‘Scratchy’, a well-known beverage vendor outside Demico House, had no problem with the vendors being ordered to leave the area because “a lot of people—straight talk—start disrespecting the people’s business place and if you come around people’s business place, you have to be be careful with what you’re doing.” He recommended that vending in Georgetown be legalised and done in an orderly manner based on rules by the government and City Council. “You can’t vend and have a whole set of plastic and cardboard. That is not vending; that is shantytown,” he told Demerara Waves Online News. At the same time, he said he would continue vending outside Demico House even if it means returning to how he started 38 years ago—with 0ne case of drinks on the pavement.

“I will still vend. I have to vend. They isn’t anyone who will stop me from vending. I am going to vend, I have to find ways to vend,” Scratchy added.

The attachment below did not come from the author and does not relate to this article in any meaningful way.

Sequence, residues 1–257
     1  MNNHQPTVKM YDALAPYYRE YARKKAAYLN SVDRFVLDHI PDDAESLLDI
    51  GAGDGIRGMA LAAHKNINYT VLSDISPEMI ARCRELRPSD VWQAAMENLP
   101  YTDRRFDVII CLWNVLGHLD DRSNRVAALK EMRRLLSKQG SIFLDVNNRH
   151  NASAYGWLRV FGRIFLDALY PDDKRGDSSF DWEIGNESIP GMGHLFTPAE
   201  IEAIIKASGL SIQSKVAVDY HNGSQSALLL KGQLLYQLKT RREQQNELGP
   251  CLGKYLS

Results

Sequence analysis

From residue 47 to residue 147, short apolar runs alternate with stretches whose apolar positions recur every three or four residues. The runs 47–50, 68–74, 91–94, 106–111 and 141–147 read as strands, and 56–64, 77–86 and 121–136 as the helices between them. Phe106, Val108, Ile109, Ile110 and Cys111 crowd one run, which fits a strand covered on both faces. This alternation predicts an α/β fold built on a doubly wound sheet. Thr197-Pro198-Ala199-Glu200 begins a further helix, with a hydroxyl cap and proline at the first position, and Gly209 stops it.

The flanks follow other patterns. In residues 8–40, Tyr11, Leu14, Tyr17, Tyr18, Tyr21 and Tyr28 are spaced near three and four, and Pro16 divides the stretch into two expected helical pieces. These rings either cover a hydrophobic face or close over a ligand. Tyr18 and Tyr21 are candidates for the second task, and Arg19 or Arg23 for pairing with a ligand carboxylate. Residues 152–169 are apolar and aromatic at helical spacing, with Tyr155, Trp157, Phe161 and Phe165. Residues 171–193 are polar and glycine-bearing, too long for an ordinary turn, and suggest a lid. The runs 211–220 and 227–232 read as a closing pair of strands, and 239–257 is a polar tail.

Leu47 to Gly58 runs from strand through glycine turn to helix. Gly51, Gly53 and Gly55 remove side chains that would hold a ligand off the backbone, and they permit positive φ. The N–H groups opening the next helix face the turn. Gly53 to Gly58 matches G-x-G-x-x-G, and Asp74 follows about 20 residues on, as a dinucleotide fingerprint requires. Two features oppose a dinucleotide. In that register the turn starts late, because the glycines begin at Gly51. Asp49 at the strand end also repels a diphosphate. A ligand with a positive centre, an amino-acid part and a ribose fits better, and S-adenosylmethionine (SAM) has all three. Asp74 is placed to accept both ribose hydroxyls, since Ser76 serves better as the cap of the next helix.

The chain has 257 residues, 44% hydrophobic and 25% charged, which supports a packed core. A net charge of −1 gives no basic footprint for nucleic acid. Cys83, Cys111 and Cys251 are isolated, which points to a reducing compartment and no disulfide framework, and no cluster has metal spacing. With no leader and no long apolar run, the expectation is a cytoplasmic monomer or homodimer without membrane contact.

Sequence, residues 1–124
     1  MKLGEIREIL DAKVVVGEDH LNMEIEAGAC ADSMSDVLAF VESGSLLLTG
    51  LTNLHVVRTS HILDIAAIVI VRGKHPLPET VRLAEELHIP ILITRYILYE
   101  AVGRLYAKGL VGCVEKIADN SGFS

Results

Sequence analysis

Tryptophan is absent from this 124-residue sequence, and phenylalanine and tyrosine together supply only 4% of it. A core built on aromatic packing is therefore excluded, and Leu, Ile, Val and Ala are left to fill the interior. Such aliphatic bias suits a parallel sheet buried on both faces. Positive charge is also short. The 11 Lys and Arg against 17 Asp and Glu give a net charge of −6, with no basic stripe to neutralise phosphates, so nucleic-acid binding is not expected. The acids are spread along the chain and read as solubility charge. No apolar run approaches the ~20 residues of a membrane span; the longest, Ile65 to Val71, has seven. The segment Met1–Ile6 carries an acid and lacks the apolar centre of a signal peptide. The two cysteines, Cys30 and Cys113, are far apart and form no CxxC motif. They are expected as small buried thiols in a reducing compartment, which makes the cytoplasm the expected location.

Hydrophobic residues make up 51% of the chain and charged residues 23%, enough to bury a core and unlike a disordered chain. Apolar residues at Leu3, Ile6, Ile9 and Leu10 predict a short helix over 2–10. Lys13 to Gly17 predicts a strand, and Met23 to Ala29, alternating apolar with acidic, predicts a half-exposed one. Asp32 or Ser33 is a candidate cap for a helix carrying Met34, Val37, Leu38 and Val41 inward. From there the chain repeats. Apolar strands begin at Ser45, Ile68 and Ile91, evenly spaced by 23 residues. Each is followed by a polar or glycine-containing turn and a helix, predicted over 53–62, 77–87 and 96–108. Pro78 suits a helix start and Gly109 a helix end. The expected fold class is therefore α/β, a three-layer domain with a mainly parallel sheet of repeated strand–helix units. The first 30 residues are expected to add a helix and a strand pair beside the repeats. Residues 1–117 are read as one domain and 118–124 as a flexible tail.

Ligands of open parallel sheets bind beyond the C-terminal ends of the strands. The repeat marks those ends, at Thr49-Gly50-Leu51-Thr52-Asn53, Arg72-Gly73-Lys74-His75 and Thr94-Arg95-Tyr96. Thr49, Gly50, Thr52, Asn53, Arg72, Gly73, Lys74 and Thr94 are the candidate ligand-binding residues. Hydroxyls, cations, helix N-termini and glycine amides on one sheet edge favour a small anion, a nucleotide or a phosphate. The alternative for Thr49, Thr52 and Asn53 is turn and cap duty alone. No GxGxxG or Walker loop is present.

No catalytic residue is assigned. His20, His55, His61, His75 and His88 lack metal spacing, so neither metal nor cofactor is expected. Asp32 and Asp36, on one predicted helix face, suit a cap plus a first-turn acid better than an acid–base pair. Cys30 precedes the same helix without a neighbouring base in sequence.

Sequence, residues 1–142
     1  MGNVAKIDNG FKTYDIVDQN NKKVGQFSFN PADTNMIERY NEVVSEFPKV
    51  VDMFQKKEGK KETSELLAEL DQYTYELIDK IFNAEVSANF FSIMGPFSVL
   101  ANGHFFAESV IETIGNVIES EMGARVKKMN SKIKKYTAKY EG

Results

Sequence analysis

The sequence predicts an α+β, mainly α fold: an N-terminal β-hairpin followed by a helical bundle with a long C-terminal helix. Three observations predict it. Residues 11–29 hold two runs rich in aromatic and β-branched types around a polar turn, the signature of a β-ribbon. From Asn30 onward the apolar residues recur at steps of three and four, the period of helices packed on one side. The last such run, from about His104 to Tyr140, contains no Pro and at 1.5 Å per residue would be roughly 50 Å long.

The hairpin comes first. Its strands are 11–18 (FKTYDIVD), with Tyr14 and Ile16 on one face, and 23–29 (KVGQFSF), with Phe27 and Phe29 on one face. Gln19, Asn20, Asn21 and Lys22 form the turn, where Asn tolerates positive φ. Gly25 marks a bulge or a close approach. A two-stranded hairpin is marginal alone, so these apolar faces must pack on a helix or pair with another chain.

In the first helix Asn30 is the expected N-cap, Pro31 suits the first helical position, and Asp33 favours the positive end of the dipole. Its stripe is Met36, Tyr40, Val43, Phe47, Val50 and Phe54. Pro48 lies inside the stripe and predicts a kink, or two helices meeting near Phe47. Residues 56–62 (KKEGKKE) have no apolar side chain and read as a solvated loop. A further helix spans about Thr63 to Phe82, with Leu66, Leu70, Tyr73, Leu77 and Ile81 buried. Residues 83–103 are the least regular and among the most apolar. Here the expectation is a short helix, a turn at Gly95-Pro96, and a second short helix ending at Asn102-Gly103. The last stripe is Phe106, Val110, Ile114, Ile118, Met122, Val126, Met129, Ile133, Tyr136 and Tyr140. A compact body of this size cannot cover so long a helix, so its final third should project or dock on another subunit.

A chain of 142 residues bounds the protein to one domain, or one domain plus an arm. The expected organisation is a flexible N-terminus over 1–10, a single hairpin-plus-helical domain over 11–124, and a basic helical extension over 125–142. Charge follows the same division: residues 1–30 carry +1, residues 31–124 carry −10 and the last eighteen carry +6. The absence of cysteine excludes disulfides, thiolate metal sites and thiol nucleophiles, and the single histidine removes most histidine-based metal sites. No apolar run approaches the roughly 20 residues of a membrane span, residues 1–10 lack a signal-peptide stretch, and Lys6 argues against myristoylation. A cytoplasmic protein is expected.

The writ of mandamus was granted by Justice Navindra Singh about three weeks ago.

Under supervision by the City Engineer Colvern Venture and Town Clerk Candace Nelson and backed up City and national police, workers removed pieces of wood that were nailed to Demico House as well as several wooden pallets that vendors ply their trade on during weekdays.

After the pallets were removed from over the drain, hundreds of discarded plastic bottles and other types of waste were seen clogging up the drainage facility.

Mr Venture said notices of removal were issued twice to the more than 20 vendors on the pavement and the car park just in front of Demico. He said action was taken Sunday because several persons refused to move from the area. “What we are noticing: some persons complied, others didn’t comply so we are now going to enforce our part. We got to do our part after the final notice,” he told Demerara Waves Online News.